Phoenix Trail Closure Program Expanded by Parks Boardhttps://www.phoenix.gov/newsroom/parks-and-recreation/2852Parks and Recreation9/1/2023 1:00:00 AMhttps://www.phoenix.gov/newssite/Lists/NewsArticle/Attachments/2852/Camelback-Mountain.jpgPhoenix Trail Closure Program Expanded by Parks Board<div class="ExternalClass2F364BF028364580AE8DF308641A0DDC"><html> <p>​The Phoenix Parks and Recreation Board voted Thursday evening to expand the City’s heat safety trail program that closes popular trails during the hottest days of the year. <br></p><p>The program will now be in effect all year long (previously May through October). Access will be restricted to Echo Canyon and Cholla Trails at Camelback Mountain and all trails associated with Piestewa Peak from 9 a.m. to 5 p.m. on days when the National Weather Service issues an Excessive Heat Warning. <br></p><p>The approved changes are effective immediately.<br></p><p>During times when trail access will be restricted, parking lot gates will be closed, and signage will be posted. Phoenix Park Rangers will be visible at those locations to remind and educate trail users about the restrictions. Closure information also will be communicated through the <a href="/parks" target="_blank">Parks and Recreation Department’s website​</a> and social media accounts, and to local resorts and hotels. <br></p><p>"Ensuring the health, safety, and well-being of our hikers and first responders while accessing our trails is our top priority," said Kelly Dalton, Chair of the Phoenix Parks and Recreation Board. "The action we took tonight is another important step in protecting individuals from the devasting effects that can result from hiking in extreme heat."<br></p><p>“The central focus of Phoenix Fire is the safety and wellbeing of the customers we service,” Captain Rob McDade added. “It has become clear some hikers need rescuing even when they start their hike before 11 a.m. As a result, we believe the extended closure of trails will better protect everyone involved.”<br></p><p>During the Valley's warm weather months, and regardless of an Excessive Heat Watch being in effect, it is recommended that trail users hike during the early morning or evening hours when it is cooler and there is more shade.<br></p><p>Residents can <a href="/parks/trails/take-a-hike-do-it-right" target="_blank">sign up to receive email alerts</a> when trails are closed due to excessive heat. </p><p>The Phoenix Parks and Recreation, and Fire departments have worked in partnership since 2015 to share the “Take a Hike. Do it Right." hiking safety message and continue to lead with education about responsible hiking. All trail users should follow these important and potentially life-saving hiking guidelines:<br></p><div><ul><li><p>Watch the Weather: Yes, "it's a dry heat" – but Arizona's temperature can be deceiving and deadly. Hike when it's cool outside, try early mornings and evenings when there's more shade.</p></li><li><p>Dress Appropriately: Wear proper shoes, clothing, hat and sunscreen.</p></li><li><p>Bring Water: Hydrate before you go. Have plenty of water, more than you think you need. Turn around and head back to the trailhead before you drink half of your water.</p></li><li><p>Keep in Contact: Carry a mobile phone.</p></li><li><p>Team Up: Hike with others. If hiking solo, tell someone your start and end times, and location.</p></li><li><p>Be Honest: Do you have a medical condition? Asthma, heart problems, diabetes, knee or back problems? Don't push yourself! (Even trained athletes have been caught off guard by getting dehydrated on Arizona trails.)</p></li><li><p>Don't Trailblaze: Enjoy the Sonoran Desert's beautiful and undeveloped landscape, but please stay on designated trails.</p></li><li><p>Take Responsibility: Don't be "that person" – the one who wasn't prepared, shouldn't have been there for health reasons or ignored safety guidelines. Be the responsible hiker, who takes a hike and does it right!<br></p></li></ul></div><p>For the safety of pets, dogs are prohibited on any City of Phoenix trail when the temperature is 100 degrees or warmer. The Arizona Humane Society advises that temperatures in the 90s are also unsafe for pets to be outdoors. <a href="https://www.azhumane.org/pet-safety-tips/?gclid=Cj0KCQjw9MCnBhCYARIsAB1WQVWIzI3UuS_DWyHekHfNx318dJdpC-saMWQL9EVjDHl6poz8kyNjtVUaAjBjEALw_wcB" target="_blank">Learn how to keep pets safe during Arizona's warm weather months. </a><br></p> </html></div>https://www.phoenix.gov/parksNewsparks-and-recreationCamelback MountainParks & RecAdam Waltz602-781-1334602-534-6648adam.waltz@phoenix.govhttps://www.phoenix.gov/newssite/Lists/MediaContact/Attachments/14/Adam_Waltz.jpgPhoenixParks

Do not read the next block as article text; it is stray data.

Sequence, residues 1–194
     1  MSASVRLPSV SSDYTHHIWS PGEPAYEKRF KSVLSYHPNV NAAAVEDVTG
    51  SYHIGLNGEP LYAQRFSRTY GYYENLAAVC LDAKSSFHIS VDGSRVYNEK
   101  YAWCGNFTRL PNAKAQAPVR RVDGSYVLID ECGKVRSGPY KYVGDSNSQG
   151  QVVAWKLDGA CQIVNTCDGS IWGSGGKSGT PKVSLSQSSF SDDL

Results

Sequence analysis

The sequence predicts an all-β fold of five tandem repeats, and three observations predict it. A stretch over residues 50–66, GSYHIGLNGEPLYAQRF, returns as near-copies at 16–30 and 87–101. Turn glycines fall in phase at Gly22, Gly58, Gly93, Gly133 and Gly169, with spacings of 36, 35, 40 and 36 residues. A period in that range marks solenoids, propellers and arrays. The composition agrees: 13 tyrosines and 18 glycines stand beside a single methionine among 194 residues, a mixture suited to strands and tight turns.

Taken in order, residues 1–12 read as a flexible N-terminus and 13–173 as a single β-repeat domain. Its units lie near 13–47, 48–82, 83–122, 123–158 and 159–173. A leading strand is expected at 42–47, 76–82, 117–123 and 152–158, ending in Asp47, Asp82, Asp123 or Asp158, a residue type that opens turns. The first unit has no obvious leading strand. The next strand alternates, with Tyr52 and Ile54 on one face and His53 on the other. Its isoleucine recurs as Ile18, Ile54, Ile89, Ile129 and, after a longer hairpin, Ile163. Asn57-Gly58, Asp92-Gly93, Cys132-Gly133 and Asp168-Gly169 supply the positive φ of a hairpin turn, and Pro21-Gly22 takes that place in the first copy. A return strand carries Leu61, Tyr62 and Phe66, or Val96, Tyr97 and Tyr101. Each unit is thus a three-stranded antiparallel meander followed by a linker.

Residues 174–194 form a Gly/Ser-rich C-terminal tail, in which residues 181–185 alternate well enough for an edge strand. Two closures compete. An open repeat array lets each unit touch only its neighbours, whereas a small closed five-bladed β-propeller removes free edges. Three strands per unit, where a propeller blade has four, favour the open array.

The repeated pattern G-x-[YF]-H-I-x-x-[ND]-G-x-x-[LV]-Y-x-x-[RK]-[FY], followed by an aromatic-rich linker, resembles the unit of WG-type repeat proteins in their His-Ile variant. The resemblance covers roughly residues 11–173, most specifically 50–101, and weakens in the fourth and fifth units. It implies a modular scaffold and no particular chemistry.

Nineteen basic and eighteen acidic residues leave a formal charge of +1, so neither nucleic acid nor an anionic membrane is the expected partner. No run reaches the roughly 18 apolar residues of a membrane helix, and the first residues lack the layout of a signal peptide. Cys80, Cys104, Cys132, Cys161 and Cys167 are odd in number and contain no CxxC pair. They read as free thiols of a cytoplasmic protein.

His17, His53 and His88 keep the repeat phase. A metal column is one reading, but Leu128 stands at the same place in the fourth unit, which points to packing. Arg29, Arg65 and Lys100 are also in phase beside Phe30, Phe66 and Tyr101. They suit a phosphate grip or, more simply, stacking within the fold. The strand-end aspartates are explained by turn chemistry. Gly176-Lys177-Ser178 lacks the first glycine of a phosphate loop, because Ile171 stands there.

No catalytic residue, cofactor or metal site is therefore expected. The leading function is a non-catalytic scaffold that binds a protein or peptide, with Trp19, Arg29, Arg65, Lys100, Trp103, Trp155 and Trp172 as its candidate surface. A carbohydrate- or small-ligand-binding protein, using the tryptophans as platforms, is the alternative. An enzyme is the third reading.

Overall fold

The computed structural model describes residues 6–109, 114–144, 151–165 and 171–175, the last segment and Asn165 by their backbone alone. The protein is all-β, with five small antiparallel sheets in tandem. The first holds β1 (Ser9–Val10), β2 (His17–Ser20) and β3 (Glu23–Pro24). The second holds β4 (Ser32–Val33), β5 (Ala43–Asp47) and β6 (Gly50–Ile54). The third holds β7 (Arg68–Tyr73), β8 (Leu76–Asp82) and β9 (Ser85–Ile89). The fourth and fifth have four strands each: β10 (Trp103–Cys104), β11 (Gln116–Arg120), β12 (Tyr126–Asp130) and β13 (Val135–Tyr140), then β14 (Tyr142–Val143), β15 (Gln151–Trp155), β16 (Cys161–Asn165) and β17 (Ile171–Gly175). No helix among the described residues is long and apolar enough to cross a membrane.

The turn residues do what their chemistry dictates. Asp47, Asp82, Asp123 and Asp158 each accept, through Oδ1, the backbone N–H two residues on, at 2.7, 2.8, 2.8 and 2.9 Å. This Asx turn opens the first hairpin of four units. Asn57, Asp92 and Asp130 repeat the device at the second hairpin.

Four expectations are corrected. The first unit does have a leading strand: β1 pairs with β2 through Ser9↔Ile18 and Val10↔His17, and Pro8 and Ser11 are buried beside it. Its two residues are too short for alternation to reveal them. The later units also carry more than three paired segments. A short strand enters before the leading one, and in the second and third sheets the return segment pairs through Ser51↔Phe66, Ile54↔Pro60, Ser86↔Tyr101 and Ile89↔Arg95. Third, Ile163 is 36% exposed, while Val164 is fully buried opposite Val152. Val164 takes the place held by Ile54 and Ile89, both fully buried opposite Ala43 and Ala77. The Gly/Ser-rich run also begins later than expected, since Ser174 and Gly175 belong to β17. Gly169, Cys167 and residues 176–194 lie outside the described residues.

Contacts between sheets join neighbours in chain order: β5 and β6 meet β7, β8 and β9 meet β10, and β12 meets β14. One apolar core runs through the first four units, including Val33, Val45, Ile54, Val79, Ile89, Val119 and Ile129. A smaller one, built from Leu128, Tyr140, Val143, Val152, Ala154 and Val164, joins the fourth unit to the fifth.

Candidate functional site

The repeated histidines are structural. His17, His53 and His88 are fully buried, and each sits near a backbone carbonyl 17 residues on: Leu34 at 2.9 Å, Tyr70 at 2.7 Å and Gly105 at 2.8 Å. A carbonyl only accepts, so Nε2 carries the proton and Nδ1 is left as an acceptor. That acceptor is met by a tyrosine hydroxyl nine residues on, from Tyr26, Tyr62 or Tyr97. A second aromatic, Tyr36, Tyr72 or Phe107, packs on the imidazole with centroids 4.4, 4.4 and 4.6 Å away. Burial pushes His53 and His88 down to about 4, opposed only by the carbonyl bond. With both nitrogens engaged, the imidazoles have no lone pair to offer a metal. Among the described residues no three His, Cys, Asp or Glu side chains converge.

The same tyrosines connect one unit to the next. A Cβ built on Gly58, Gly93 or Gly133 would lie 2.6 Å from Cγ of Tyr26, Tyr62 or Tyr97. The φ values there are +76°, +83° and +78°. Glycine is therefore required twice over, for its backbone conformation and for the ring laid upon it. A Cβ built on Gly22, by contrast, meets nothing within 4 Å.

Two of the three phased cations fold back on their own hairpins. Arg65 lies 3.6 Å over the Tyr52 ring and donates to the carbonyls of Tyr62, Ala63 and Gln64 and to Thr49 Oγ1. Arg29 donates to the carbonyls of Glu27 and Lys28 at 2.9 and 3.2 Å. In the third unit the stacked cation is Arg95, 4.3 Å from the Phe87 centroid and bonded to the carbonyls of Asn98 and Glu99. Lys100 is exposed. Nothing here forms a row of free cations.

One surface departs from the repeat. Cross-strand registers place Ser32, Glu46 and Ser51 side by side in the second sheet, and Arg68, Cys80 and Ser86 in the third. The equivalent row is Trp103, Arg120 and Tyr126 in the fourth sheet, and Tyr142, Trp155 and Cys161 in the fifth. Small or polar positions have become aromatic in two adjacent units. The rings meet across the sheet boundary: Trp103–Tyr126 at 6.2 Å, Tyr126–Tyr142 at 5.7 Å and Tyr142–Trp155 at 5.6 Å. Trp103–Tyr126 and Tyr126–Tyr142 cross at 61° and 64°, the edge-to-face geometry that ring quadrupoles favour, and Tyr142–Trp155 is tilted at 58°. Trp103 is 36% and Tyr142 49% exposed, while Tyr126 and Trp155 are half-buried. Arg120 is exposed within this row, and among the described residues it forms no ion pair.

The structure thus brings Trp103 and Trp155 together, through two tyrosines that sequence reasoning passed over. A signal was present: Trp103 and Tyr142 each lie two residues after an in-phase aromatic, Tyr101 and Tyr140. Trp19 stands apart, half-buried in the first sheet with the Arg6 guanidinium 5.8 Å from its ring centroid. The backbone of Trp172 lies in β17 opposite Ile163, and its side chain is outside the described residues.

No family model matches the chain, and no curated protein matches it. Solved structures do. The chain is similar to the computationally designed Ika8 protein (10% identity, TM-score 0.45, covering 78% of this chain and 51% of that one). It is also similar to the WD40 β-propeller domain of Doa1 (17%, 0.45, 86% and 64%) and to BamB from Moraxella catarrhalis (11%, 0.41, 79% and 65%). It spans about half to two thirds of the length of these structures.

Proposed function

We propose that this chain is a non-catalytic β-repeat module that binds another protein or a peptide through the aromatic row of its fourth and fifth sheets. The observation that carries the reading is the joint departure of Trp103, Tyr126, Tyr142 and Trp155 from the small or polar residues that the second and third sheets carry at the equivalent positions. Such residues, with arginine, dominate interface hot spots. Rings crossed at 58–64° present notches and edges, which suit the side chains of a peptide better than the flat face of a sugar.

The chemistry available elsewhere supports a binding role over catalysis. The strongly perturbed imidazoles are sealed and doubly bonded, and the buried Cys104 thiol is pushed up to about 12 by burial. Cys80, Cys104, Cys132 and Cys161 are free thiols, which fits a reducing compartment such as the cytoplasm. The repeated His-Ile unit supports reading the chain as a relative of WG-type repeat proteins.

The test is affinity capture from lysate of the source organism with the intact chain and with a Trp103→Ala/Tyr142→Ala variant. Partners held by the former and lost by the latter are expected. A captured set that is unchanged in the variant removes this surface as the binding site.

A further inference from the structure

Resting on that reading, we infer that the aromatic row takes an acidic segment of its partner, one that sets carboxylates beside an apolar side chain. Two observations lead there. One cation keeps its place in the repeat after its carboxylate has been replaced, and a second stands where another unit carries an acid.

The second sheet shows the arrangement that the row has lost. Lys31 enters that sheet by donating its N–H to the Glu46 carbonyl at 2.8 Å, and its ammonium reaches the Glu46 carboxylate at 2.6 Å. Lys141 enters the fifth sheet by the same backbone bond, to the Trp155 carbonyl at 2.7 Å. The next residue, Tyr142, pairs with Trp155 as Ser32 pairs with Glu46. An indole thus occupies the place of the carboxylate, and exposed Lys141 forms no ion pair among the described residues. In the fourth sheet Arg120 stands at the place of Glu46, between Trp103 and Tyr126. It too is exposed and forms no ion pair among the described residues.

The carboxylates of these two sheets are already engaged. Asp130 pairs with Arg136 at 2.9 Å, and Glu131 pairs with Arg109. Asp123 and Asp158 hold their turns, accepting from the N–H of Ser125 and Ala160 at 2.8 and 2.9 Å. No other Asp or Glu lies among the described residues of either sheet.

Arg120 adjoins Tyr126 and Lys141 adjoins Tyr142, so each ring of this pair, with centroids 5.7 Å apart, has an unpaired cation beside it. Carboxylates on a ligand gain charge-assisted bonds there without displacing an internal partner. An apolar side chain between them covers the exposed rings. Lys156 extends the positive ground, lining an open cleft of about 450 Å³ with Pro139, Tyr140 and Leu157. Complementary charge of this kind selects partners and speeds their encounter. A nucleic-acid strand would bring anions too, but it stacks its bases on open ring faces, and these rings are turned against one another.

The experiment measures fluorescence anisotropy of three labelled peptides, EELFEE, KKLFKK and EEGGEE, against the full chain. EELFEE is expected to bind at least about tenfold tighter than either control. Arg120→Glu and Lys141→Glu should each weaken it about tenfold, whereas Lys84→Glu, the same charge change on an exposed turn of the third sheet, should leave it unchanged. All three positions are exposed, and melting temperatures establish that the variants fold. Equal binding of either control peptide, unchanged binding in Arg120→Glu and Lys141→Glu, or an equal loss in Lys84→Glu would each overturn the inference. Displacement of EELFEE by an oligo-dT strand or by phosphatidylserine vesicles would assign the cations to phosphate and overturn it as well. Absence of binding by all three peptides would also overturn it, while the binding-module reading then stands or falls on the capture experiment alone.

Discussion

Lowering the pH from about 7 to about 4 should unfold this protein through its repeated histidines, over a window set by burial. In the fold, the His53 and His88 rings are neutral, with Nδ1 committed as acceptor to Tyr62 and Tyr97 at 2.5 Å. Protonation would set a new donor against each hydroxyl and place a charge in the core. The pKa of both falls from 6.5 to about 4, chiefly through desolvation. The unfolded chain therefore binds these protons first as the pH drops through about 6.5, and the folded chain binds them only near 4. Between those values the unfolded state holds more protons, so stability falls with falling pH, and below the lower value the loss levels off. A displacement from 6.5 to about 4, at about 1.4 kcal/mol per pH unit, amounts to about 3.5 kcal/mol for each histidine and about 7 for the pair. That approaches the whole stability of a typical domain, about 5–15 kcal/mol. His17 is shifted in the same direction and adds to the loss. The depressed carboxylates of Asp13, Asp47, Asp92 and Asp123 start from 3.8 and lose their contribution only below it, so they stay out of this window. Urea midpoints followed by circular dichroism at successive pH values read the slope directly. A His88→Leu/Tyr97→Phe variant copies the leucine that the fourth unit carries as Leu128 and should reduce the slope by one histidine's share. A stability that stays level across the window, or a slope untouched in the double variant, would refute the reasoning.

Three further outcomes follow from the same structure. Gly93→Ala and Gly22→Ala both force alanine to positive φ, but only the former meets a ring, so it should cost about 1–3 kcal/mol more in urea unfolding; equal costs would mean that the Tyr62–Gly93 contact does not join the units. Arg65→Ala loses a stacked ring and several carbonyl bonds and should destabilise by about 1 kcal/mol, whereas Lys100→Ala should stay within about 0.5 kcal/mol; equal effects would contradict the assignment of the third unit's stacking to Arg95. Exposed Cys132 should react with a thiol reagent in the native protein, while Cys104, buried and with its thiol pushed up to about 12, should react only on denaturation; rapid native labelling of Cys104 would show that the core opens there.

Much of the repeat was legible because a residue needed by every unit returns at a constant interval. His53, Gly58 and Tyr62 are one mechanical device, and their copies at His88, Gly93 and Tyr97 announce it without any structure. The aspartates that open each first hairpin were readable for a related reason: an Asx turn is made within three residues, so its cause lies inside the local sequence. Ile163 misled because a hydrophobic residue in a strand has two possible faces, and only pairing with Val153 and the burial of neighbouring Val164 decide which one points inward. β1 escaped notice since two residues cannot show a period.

Phoenix’s Central Station One Step Closer to Completionhttps://www.phoenix.gov/newsroom/public-transit/3111Public Transit5/24/2024 5:00:00 PMhttps://www.phoenix.gov/newssite/Lists/NewsArticle/Attachments/3111/Central Station East Tower Newsroom.pngPhoenix’s Central Station One Step Closer to Completion<div class="ExternalClass8E328A4B8DC04CBF995AF00B775D0E7E"><html> <p> Central Station redevelopment, the mixed-use, transit-oriented development project hosted a topping-out ceremony for the east tower May 23, 2024. This event marks a significant milestone in the construction progress of Central Station.</p><div> </div> <div> Located in the heart of downtown, next to the historic Security Building, Civic Space Park, and ASU's Downtown Campus, Central Station is set to become a new city landmark consisting of two residential towers that will offer student and workforce housing, two levels of below-grade parking, City of Phoenix public transit hub, and retail/office spaces.  </div> <div> <br> </div> <div> Slated to open in early 2025, Central Station will transform how users experience the city's primary downtown bus and light rail transit center, which serves two million passengers annually. Central Station is a public-private partnership with the City of Phoenix retaining ownership of the land and the development partners entering into a long-term ground lease for the project.  </div> <div> <br> </div> <div> Representatives from the City of Phoenix, including Councilwoman Ann O’Brien, along with members from the development and project teams, GMH Communities, CBRE Investment Management, Medistar Corporation, Layton Construction, and Multistudio attended the topping out to celebrate this important milestone.  </div> </html></div>https://www.phoenix.gov/publictransitNews